How do the qualities that make/made you a great cheerleader benefit you in your STEM career?
I love performing and being in front of a crowd, and I get the same feeling with my career. Even though I am only in front of my patients when counseling, I know at the end of the day I counseled to the best of my ability and was proud of my time with them. I am also a very positive teammate on the cheerleading teams I have been on/am currently on. Having a positive outlook helps immensely with working with my patients because their stories are not the easiest to handle. Being a positive person also helps me with my work at the AHA, too. Because my focus is on helping the children in the program, who might also have tough stories sometimes, with the Recess program and working with them, I can instill hope in them to make healthy choices.
How do you feel about breaking down negative stereotypes about cheerleaders?
I feel as if I am a stereotype breaker as a professional cheerleader who works in STEM. When fans ask me what I do, I get really excited to tell them that I go to Johns Hopkins University and I am studying Clinical Mental Health Counseling. I have had numerous times when the fan blankly stares at me, and other times when they tell me how impressed they are. However, I didn’t want to go to Johns Hopkins University because I wanted to impress people, I wanted to go there because I knew that I would get a great education, and then be able to make the most impact on my patients. After I explain what I do to fans, I make sure to say from a young age I wanted to help people, and now I get to do that everyday!
What is your best cheerleading experience?
Making the Baltimore Blast Cheerleaders this year has been my best cheerleading experience so far. I tried out in 2011, and really did not have any idea what they would be looking for. I made it to the second round and then was cut. I promised myself that I would come back when I was fully ready, and it took me until this year, when I said to myself that I was finally ready after much practice to try again, and I made the team!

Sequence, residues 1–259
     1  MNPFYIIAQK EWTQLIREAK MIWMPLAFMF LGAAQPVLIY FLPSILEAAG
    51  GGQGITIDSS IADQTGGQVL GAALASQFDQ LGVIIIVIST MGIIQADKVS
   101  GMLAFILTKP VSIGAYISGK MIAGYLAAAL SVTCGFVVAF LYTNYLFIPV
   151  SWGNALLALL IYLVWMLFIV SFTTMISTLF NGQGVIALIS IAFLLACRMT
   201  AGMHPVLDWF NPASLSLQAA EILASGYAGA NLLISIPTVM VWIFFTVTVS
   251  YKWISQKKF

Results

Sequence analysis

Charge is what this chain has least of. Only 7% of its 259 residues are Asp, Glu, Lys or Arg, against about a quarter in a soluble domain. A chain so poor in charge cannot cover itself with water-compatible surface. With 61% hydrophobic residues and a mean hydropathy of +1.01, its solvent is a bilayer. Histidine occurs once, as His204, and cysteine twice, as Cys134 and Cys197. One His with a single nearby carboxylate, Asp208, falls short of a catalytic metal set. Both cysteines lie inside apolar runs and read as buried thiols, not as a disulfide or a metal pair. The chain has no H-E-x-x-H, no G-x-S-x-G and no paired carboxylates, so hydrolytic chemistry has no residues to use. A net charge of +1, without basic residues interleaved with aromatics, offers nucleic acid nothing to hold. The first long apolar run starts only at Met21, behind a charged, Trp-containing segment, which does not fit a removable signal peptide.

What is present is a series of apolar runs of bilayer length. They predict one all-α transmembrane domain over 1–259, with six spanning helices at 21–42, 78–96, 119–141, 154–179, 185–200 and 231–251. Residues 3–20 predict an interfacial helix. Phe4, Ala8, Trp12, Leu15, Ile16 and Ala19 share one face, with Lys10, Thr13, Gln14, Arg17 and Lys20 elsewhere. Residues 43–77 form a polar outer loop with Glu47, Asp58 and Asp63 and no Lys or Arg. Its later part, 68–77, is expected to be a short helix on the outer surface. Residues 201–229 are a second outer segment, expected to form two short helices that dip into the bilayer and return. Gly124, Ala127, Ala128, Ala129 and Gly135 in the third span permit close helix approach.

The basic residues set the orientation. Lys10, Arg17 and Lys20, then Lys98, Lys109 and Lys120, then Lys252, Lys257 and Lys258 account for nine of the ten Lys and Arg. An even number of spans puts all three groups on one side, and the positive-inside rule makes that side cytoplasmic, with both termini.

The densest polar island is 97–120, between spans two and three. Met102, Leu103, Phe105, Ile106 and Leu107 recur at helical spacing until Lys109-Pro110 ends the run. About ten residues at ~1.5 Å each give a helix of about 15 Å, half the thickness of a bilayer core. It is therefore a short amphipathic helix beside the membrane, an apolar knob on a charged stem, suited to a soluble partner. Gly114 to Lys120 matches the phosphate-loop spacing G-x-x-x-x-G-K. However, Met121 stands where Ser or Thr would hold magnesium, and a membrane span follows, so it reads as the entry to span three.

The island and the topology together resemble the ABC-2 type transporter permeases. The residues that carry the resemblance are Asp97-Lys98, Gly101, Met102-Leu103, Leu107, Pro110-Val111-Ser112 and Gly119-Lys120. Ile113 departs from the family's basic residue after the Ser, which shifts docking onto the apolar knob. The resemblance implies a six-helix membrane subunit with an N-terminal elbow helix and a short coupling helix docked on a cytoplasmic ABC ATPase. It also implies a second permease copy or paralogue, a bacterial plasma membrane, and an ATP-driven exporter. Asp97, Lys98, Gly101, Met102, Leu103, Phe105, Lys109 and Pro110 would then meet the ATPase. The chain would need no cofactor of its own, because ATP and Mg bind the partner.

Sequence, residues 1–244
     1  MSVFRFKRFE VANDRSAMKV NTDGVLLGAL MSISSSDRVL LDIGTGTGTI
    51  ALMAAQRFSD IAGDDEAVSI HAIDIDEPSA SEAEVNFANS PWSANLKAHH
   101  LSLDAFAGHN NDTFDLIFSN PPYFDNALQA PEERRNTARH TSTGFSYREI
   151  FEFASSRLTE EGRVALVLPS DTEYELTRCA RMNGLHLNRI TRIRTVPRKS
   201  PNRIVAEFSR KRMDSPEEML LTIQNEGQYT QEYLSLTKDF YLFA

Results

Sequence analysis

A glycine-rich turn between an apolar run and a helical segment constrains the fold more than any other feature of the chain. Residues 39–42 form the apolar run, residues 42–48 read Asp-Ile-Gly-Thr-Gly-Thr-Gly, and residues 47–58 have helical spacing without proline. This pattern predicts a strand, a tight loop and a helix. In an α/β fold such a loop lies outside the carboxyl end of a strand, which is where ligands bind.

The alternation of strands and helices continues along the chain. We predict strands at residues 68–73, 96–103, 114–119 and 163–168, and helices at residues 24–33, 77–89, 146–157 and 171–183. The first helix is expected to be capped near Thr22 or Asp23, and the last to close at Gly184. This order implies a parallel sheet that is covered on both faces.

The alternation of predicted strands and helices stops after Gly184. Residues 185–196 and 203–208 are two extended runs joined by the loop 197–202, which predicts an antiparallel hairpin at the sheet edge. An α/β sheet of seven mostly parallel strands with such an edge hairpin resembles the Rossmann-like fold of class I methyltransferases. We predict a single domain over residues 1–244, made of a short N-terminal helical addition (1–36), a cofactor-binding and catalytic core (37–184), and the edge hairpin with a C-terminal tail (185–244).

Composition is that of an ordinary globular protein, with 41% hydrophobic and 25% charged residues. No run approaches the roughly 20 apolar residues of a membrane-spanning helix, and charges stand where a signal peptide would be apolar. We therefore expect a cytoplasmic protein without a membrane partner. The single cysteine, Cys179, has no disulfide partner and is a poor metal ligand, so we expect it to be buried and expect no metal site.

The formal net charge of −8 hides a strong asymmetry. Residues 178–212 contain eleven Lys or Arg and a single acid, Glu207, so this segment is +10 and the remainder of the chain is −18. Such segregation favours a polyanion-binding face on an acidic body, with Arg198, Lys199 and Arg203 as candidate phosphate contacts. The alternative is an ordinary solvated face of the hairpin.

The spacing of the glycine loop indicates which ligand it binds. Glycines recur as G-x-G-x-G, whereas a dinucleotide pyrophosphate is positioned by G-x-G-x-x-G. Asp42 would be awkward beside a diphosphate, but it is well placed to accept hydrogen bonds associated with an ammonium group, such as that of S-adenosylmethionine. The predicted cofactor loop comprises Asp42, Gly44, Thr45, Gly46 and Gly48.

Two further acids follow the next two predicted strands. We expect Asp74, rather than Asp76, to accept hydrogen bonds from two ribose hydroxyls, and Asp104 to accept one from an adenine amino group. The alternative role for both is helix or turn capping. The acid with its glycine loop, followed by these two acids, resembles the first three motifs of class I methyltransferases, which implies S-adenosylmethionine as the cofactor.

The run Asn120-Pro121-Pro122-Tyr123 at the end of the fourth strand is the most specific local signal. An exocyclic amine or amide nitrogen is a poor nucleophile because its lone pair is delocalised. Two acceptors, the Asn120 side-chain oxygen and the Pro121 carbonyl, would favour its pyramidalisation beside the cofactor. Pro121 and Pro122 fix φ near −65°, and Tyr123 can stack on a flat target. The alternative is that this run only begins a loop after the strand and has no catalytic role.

What advice would you give to your 12-year old self?
My advice to my 12-year-old self would be “don’t quit.” I used to pick up hobbies and leave them because I lost interest such as tennis and horseback riding. I feel as if my hobbies would be a lot more diverse as an adult if I didn’t stop playing softball in the third grade, or quit piano lessons when I was in the 6th grade. When I am talking to children at a game or an appearance, I always tell them I love to cheer, and I ask them what they like to do for fun. Once they tell me their hobbies, I tell them to never give up. I hope one day that someone remembers me saying that to them, and doesn’t quit a hobby, even when it is tough or they seem to lose interest for a little bit!
What’s one thing people might find especially surprising about you?
I started the “I am ABLE” wristband of hope when I was 16 years old. My younger sister Hadley has cerebral palsy and I used to hate when people would make fun of her for being in a wheelchair and being different. Instead of getting angry, I created the bright orange, jelly-like wristbands to get my message across to people. One on side of the band it said “I am ABLE,” and on the other side, it said “SK. HK” for my maiden name initials and my sisters initials because I created the wristbands for her. The meaning of “I am ABLE” is everyone is ABLE to spread awareness about discrimination against the disabled, and also to treat people equally regardless of how they might look or speak. I was able to speak all over the United States on behalf of my wristbands, and all of the money I raised went to a non-profit organization called Shane’s Inspiration, who creates playground so able bodied children and disabled children can play together.